Co-op and Condo-Related Legislation Law & Order

Legislatures are in session, both in the city and in Albany, and, as always, housing is a hot issue. What bills should co-op and condo board members, managers and owners be looking at that may impact their residences?

While there are basic laws that govern condos and co-ops—statewide, condominiums fall under the New York State Condominium Act and cooperatives fall under the Business Corporation Law—new issues come up all the time, necessitating new laws and initiatives on both the state and local levels.

The great majority of housing-related bills don't directly affect condo, co-op and HOA residents, but do cover a wide range of topics, from requirements for housing court clerks to Mitchell-Lama (federally-controlled rentals and co-ops) rental tenants to pets in housing projects. Some of the bills are specific to one municipality, such as one that "creates the central Buffalo housing development corporation."

Legislation Under Consideration

Often, the same bills, with some modification, are introduced year after year, proving the old saying, "If at first you don't succeed, try, try again."

Among the bills in Albany that relate to New York City condo and co-op residents is A00475 (O'Donnell-Clark, referred to Housing Committee) which would establish a licensing procedure for building managers of multiple dwellings in New York City and would require them to take a class. A01000 (Grannis-Pretlow, referred to Governmental Operations), which has gotten a lot of attention in the media lately, would require cooperative housing corporations to provide a prospective purchaser with a written statement of reasons when denying his or her application.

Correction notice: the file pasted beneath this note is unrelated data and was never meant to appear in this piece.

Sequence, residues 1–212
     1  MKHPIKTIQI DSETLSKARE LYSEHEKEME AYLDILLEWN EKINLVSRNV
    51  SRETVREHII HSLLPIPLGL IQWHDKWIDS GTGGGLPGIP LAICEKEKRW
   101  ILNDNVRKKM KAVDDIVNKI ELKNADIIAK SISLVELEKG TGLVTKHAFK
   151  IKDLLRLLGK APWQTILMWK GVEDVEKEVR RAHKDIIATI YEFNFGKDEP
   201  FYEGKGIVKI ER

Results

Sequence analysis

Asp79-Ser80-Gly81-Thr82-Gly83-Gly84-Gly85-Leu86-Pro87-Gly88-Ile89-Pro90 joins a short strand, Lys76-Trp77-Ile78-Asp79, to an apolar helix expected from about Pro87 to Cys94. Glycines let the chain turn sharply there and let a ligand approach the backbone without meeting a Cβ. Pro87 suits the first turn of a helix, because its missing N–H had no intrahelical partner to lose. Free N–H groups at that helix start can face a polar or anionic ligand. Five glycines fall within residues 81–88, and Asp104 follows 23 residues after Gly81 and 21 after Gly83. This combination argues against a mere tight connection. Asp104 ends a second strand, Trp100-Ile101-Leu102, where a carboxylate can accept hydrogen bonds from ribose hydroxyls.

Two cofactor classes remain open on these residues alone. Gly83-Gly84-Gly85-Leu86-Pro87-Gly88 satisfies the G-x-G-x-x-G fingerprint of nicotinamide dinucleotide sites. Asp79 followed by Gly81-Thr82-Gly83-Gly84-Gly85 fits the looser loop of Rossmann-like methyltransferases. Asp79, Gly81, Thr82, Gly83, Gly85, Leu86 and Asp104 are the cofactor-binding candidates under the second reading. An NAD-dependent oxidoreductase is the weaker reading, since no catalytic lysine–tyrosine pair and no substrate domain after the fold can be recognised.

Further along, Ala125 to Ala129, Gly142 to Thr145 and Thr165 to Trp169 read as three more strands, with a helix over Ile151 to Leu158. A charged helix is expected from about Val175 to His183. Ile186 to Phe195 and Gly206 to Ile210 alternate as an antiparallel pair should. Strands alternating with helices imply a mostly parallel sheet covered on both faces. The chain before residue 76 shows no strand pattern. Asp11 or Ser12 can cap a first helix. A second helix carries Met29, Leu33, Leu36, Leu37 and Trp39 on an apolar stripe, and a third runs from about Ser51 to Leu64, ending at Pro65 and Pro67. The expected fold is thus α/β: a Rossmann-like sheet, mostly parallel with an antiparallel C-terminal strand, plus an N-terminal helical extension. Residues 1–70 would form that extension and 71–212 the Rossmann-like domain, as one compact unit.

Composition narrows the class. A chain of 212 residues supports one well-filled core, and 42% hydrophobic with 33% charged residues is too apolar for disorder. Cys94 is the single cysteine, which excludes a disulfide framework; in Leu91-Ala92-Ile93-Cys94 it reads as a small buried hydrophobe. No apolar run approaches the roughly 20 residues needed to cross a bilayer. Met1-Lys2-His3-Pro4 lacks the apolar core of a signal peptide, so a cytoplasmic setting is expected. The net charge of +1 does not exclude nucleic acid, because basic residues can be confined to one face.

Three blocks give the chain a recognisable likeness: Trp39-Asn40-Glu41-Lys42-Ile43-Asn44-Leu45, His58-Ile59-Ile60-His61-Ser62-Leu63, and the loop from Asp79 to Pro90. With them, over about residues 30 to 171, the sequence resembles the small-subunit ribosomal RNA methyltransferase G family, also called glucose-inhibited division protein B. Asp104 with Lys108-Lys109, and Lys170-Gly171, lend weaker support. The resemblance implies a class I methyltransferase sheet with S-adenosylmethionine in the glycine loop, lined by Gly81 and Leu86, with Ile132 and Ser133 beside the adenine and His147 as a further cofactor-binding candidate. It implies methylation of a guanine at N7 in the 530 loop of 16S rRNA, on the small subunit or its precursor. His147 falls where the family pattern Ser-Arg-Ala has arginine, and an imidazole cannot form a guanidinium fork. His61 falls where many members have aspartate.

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  • on Sunday, August 21, 2011 5:41 PM
    In Kentucky can the associon tell me not to put a sigh inside or other decoeation inside my windows?
  • badinvestment in Condo on Monday, September 29, 2014 1:38 PM
    legislators should pay close attention to the issues that Condo, Co-ops have created in the increase setup of said complexes. Complexes that have created Condo setup without proper building rehab, or following building codes for that type of environment. When you setup a kitchen over a bedroom what do you think you are going to get? There should be a real estate lemon law. Similar to car where if not all information is disclosed by either seller or Complex board that lead to issues - the buyer should be able to get money back...from either the seller or the board...